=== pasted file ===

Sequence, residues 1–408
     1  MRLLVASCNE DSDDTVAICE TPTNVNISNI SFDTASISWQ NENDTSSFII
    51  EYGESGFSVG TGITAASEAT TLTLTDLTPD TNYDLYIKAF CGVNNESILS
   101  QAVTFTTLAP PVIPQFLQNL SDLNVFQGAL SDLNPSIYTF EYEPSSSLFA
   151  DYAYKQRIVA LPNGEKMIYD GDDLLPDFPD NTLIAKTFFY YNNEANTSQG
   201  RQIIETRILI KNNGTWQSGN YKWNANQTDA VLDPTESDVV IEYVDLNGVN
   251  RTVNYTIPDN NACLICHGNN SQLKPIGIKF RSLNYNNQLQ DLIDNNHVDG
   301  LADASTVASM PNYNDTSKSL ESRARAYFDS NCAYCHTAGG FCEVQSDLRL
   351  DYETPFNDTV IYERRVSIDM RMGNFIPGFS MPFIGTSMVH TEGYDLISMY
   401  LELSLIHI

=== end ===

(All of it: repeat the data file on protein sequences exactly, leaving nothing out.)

Sequence, residues 1–408
     1  MRLLVASCNE DSDDTVAICE TPTNVNISNI SFDTASISWQ NENDTSSFII
    51  EYGESGFSVG TGITAASEAT TLTLTDLTPD TNYDLYIKAF CGVNNESILS
   101  QAVTFTTLAP PVIPQFLQNL SDLNVFQGAL SDLNPSIYTF EYEPSSSLFA
   151  DYAYKQRIVA LPNGEKMIYD GDDLLPDFPD NTLIAKTFFY YNNEANTSQG
   201  RQIIETRILI KNNGTWQSGN YKWNANQTDA VLDPTESDVV IEYVDLNGVN
   251  RTVNYTIPDN NACLICHGNN SQLKPIGIKF RSLNYNNQLQ DLIDNNHVDG
   301  LADASTVASM PNYNDTSKSL ESRARAYFDS NCAYCHTAGG FCEVQSDLRL
   351  DYETPFNDTV IYERRVSIDM RMGNFIPGFS MPFIGTSMVH TEGYDLISMY
   401  LELSLIHI